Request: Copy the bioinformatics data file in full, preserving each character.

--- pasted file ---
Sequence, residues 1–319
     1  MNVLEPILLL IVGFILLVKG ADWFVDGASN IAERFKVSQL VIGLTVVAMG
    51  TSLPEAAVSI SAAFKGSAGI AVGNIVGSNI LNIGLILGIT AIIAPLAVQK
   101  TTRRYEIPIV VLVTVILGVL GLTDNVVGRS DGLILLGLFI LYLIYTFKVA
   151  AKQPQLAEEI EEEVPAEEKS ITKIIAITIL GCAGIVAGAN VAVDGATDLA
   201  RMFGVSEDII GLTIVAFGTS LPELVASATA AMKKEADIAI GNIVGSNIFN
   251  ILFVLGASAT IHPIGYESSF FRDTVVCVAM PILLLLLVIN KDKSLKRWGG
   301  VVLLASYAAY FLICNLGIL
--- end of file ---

Sequence, residues 1–319
     1  MNVLEPILLL IVGFILLVKG ADWFVDGASN IAERFKVSQL VIGLTVVAMG
    51  TSLPEAAVSI SAAFKGSAGI AVGNIVGSNI LNIGLILGIT AIIAPLAVQK
   101  TTRRYEIPIV VLVTVILGVL GLTDNVVGRS DGLILLGLFI LYLIYTFKVA
   151  AKQPQLAEEI EEEVPAEEKS ITKIIAITIL GCAGIVAGAN VAVDGATDLA
   201  RMFGVSEDII GLTIVAFGTS LPELVASATA AMKKEADIAI GNIVGSNIFN
   251  ILFVLGASAT IHPIGYESSF FRDTVVCVAM PILLLLLVIN KDKSLKRWGG
   301  VVLLASYAAY FLICNLGIL